This result suggests, for the United States, a process of building expectations that might produce a phenomenon like the 1993 bubble in Jamaica's stock market.
The conclusion that the price volatility of the Jamaican and Taiwanese markets responds relatively more to new information than to previous volatility than does the U.S. market is surprising. The U.S. market is larger and more developed than the Jamaican and Taiwanese markets and might be expected to be more efficient in the sense that it responds more quickly to new information than the two smaller markets. However, these statistics don't support that conclusion.
One might speculate that Jamaican and Taiwan market variance responds more to new information because there is more insider trading in the U.S. market than there is in Jamaica. Another way of stating this might be to say that a larger proportion of the market participants in the U.S. market is more sophisticated because they have better sources of information than the market as a whole.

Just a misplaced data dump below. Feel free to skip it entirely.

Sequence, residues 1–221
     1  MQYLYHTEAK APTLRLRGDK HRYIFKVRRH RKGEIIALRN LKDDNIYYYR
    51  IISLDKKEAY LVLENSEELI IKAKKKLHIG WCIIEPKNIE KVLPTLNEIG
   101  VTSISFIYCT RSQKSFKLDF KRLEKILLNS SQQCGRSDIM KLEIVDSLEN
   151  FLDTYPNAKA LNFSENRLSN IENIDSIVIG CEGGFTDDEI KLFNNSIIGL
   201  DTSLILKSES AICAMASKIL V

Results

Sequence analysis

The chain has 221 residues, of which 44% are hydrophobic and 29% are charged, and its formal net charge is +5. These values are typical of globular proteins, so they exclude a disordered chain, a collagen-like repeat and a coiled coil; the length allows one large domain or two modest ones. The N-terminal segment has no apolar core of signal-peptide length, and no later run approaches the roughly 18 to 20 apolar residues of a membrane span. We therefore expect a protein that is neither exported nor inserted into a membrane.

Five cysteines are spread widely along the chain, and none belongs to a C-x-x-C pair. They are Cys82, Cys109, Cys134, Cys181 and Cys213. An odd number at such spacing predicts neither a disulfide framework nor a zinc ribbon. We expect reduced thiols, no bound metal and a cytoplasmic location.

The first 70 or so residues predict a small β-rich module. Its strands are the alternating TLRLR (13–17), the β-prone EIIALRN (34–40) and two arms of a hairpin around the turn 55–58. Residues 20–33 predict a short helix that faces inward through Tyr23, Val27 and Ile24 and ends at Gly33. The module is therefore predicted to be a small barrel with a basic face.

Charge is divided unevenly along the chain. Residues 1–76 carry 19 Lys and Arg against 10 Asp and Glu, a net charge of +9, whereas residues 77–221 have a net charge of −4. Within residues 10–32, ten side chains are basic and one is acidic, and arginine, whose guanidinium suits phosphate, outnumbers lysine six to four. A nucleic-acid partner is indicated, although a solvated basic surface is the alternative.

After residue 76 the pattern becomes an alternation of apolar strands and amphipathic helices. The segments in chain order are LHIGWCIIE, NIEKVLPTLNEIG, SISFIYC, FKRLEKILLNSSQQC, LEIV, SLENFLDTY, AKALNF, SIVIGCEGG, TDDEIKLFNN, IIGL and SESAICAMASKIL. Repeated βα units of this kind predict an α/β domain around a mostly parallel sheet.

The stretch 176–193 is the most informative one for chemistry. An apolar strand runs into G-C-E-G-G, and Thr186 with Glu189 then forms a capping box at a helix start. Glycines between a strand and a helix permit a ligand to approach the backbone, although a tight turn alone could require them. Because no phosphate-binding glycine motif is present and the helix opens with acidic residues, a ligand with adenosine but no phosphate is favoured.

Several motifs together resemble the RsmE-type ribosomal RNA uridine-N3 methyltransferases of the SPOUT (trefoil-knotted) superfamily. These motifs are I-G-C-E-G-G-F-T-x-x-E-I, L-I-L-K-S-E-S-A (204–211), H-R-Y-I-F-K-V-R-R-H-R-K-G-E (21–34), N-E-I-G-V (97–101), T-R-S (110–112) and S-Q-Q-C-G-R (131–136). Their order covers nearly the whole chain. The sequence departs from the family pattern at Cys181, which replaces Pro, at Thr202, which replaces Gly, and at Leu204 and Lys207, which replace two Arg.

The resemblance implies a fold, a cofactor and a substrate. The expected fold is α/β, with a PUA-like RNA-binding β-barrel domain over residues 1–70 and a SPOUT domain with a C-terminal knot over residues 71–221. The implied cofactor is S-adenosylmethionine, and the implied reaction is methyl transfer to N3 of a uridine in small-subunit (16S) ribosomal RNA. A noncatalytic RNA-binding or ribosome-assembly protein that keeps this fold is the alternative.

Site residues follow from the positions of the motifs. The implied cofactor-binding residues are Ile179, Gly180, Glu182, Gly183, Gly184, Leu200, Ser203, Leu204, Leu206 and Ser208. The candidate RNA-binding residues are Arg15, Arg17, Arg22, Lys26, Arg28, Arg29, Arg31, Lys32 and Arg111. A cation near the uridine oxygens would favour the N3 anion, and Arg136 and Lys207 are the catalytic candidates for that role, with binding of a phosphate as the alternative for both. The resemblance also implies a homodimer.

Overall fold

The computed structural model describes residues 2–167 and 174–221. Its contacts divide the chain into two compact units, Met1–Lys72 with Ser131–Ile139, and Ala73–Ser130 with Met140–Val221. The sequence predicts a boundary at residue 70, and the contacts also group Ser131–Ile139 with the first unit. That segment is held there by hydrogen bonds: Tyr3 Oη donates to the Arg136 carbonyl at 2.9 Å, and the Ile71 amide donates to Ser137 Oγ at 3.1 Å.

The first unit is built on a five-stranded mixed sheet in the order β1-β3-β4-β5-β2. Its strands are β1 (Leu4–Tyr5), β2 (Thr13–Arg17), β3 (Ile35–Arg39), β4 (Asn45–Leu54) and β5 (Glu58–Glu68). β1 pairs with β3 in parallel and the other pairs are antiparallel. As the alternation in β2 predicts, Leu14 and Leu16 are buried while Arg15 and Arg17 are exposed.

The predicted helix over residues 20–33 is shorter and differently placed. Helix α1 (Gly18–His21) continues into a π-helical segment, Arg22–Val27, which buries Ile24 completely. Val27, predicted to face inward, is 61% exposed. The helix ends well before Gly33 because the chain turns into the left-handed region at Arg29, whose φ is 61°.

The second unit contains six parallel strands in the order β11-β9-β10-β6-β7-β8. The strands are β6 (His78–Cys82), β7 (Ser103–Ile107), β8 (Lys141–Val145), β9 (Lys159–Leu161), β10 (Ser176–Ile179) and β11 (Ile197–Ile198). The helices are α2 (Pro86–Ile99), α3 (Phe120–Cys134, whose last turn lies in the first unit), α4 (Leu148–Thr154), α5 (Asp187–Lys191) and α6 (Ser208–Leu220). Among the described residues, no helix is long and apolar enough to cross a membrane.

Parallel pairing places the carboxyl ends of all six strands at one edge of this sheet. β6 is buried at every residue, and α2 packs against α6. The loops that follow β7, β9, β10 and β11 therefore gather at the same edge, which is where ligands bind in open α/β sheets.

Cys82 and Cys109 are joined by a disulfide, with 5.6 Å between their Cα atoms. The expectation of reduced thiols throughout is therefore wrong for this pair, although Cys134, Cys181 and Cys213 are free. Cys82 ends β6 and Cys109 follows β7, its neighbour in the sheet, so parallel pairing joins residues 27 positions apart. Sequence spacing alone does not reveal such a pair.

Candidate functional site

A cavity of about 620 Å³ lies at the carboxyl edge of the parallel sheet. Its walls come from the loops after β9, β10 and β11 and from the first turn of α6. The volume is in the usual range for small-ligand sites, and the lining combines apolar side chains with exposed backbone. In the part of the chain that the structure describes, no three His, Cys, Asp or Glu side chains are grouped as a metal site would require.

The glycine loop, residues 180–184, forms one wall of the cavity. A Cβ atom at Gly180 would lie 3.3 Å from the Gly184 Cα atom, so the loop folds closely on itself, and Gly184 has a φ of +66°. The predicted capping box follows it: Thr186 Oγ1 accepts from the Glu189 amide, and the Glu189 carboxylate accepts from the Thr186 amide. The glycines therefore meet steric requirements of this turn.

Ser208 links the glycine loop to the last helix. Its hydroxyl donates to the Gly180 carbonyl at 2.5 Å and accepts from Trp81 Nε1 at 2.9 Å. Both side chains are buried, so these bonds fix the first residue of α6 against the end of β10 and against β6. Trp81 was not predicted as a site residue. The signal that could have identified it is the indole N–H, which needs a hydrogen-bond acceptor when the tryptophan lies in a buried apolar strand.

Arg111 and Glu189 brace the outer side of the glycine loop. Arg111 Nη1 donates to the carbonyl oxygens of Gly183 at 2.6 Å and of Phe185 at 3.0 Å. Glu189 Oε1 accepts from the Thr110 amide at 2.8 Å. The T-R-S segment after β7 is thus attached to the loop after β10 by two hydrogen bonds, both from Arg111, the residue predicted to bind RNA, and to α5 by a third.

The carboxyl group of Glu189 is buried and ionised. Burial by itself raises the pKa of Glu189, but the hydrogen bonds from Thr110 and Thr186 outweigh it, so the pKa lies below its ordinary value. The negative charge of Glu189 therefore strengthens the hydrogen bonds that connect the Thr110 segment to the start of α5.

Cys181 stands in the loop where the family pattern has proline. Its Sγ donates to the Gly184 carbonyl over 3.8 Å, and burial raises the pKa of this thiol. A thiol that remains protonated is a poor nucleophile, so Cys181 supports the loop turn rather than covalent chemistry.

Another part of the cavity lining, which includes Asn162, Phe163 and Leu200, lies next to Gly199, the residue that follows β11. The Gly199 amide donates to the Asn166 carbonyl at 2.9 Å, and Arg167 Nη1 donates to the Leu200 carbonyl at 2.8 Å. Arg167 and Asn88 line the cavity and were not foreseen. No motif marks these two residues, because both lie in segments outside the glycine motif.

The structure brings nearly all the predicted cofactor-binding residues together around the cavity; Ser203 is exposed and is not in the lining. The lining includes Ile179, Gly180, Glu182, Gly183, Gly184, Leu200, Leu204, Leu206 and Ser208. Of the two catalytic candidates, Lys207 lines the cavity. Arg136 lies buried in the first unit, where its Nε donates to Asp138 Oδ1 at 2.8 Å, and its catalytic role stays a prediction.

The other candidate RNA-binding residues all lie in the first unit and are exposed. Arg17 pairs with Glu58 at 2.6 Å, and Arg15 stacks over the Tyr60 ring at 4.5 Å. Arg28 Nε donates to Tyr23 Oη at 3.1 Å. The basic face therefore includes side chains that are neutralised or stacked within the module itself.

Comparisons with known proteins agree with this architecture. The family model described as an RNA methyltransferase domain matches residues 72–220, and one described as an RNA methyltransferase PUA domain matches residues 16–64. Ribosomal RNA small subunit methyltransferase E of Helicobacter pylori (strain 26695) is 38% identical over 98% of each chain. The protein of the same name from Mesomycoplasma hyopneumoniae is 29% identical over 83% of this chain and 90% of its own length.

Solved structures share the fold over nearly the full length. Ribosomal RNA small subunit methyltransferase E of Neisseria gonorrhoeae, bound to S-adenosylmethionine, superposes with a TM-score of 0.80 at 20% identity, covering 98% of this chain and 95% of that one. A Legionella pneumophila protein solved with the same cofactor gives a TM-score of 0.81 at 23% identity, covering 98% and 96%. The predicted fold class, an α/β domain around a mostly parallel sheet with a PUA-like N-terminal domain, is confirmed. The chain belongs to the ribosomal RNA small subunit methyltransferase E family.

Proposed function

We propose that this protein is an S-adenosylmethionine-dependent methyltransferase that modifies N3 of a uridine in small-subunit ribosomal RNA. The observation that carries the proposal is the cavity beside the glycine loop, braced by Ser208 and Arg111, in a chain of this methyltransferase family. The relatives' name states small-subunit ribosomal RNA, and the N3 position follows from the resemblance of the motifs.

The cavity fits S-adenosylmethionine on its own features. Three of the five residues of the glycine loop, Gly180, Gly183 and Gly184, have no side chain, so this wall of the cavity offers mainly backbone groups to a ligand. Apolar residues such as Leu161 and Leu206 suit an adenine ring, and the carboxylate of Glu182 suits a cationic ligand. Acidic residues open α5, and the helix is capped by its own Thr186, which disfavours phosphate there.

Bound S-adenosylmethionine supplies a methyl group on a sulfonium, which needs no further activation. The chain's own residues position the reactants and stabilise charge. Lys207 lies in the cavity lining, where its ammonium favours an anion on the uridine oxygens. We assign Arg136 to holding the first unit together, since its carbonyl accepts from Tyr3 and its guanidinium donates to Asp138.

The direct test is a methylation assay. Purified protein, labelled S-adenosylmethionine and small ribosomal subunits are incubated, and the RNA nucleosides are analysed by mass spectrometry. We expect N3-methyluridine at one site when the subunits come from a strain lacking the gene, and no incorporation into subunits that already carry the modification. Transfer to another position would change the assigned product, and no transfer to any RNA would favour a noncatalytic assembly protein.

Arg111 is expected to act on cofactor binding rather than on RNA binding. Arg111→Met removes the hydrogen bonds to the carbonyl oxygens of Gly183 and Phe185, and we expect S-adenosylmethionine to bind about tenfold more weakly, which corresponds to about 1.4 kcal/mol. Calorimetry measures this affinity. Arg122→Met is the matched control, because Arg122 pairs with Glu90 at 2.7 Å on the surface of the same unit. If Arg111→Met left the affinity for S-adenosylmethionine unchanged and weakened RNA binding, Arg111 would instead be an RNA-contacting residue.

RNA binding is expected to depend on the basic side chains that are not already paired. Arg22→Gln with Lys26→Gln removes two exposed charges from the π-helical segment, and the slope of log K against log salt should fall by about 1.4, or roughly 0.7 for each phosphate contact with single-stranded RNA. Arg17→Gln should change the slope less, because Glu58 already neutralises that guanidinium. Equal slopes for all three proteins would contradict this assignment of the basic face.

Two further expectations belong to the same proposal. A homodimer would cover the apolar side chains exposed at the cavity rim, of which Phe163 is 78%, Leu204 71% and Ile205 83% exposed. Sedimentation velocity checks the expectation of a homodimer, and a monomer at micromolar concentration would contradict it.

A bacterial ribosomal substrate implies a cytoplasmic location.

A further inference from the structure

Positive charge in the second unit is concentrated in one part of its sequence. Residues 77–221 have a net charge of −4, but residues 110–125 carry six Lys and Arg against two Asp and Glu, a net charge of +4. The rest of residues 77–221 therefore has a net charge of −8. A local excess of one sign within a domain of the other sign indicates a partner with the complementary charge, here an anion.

The stronger response of the Jamaican and Taiwanese markets to information may also indicate that information, rather than expectational momentum, is fueling price changes in the Jamaican and Taiwanese markets. If this is true, the price/earnings ratios of stocks in both Jamaica and Taiwan may be more accurate than they are in the United States. In the case of Taiwan, this new information has driven the market up 42% over the last twenty months. In Jamaica, new information has not been so kind and their market has fallen at an annual compound rate of from 13 to 31% since the 1993 bubble, depending on what part of the 1993 decline you choose to use as a reference.
In any case, the GARCH results indicate that the information diffusion process of the Jamaican and Taiwanese markets is significantly different from that in the United States.
This study indicates that all three of these markets--Jamaican, Taiwanese and United States--process information differently, form expectations differently and have different volatility responses to good and bad news.